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MOFA awaits China's reaction to Taiwan's U.N. bid

MOFA awaits China's reaction to Taiwan's U.N. bid

The Ministry of Foreign Affairs said yesterday that so far China has not yet reacted to Taiwan's latest bid to ask the United Nations to reconsider the feasibility of Taiwan's meaningful participation in the world body, but added that the ministry will keep close watch on any response from China.
"At least there has been no reaction by China so far, as the Olympic Games are still in progress there," said MOFA spokesman Henry Chen (陳銘政) at a regular press briefing in response to a reporter's question. "But we will continue to observe China's reaction."
Noting that the foreign ministry has notified its embassies and representative offices overseas to start promoting the U.N. bid, Chen said the responses from other countries have been "good so far."
"Everyone is being very proactive in promoting Taiwan's bid to the governments in the countries where they are posted," he said. "That is the main support we are trying to win."
Taiwan's bid to enter the U.N. was renewed last Thursday when two of its diplomatic allies - St. Vincent and the Grenadines and the Solomon Islands - submitted a proposal to the U.N. Secretariat emphasizing the importance of Taiwan's "meaningful participation" in the world body and of a cross-Taiwan Strait policy of "reconciliation and truce."
Fresh approach
This marked a fresh approach by the ROC government for the country's admission to the U.N., under the new presidency of Ma Ying-jeou (馬英九). The proposal did not mention the country's attempt to enter the U.N. under the name Taiwan or the possibility of returning to the U.N. as the ROC.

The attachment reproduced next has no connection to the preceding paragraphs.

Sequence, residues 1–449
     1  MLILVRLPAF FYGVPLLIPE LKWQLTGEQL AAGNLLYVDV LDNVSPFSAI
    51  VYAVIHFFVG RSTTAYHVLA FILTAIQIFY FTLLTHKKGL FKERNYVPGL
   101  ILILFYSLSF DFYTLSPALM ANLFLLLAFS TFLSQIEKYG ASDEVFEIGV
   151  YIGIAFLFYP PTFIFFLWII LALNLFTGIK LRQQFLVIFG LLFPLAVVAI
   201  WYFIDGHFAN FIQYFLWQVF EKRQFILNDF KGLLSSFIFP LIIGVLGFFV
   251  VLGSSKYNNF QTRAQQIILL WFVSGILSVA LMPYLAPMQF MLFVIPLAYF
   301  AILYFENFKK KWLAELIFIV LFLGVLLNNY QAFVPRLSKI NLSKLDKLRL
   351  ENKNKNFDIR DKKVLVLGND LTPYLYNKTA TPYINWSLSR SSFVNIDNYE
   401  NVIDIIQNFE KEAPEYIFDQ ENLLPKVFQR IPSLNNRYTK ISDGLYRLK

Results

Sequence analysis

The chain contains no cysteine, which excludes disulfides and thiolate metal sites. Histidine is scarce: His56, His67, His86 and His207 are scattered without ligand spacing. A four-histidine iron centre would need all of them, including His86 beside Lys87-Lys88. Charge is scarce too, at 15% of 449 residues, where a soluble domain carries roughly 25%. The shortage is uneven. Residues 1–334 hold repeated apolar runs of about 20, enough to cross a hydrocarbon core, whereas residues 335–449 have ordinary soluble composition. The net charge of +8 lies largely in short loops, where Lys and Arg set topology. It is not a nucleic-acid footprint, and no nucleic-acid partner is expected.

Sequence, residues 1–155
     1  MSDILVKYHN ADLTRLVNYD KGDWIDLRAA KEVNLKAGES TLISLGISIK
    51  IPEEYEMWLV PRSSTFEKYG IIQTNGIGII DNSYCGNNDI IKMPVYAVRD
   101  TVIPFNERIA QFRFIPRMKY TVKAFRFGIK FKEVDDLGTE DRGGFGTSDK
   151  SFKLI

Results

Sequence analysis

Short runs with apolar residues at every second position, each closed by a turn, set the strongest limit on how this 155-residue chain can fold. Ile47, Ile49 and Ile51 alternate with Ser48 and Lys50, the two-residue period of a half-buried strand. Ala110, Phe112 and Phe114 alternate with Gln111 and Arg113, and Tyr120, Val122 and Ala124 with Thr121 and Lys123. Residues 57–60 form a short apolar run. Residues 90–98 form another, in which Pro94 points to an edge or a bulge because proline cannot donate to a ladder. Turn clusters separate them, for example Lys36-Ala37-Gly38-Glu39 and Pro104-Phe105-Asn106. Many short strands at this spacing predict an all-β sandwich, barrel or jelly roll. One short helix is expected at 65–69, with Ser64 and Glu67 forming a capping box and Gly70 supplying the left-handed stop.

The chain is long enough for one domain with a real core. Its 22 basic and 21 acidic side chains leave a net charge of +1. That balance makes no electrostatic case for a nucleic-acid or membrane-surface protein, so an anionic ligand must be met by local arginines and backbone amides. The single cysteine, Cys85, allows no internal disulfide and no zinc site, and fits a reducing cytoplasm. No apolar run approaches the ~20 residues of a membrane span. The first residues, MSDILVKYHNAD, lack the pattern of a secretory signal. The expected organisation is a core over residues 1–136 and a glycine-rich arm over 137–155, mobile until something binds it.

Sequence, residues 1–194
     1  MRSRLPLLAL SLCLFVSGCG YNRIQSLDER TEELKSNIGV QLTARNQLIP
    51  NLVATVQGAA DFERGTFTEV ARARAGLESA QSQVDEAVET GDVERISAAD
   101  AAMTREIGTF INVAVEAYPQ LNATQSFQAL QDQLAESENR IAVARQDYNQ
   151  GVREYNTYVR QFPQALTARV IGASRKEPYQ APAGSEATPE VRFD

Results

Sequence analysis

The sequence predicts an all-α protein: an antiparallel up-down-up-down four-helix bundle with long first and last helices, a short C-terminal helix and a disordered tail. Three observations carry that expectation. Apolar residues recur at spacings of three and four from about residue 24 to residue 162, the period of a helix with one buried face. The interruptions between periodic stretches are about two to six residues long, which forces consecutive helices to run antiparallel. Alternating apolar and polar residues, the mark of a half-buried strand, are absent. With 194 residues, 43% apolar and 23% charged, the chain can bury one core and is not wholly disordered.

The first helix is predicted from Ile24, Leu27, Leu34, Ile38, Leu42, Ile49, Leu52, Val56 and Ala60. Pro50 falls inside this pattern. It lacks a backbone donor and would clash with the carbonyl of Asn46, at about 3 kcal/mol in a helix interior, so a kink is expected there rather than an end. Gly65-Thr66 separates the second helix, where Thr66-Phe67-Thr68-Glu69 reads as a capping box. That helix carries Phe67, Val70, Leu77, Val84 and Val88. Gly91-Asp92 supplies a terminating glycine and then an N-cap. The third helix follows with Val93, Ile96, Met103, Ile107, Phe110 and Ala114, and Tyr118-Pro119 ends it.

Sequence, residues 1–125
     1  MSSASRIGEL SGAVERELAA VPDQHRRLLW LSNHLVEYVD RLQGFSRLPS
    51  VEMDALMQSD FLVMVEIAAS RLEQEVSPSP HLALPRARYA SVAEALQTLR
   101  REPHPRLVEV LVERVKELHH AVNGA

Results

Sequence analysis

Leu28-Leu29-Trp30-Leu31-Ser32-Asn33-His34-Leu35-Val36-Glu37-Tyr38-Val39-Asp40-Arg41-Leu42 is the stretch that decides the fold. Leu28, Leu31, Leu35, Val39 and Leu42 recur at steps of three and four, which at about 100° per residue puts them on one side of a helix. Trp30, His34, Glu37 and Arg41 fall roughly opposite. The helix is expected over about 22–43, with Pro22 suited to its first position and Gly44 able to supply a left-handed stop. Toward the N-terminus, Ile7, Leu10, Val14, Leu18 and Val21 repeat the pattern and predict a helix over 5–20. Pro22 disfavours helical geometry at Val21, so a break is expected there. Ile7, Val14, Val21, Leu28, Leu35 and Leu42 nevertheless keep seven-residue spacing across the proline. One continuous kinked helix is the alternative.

The previous Democratic Progressive Party administration, for the first time, applied in 2007 for Taiwan to join the U.N. as a full member under the name Taiwan. That proposal did not make the agenda of the U.N. General Assembly.
Since 1993, Taiwan's supporters have been trying to get the General Assembly to list the issue on the agenda, but Beijing's argument that Taiwan is part of China has prevailed.
Last Friday was the last day for U.N. members to submit proposals for the consideration of the General Assembly, scheduled to begin September 16.
This year, three of Taiwan's diplomatic allies - Nicaragua, the Solomon Islands and Honduras - entered the U.N. General Committee as members, the highest number of Taiwan allies on the committee since 1993.


Updated : 2021-05-19 08:18 GMT+08:00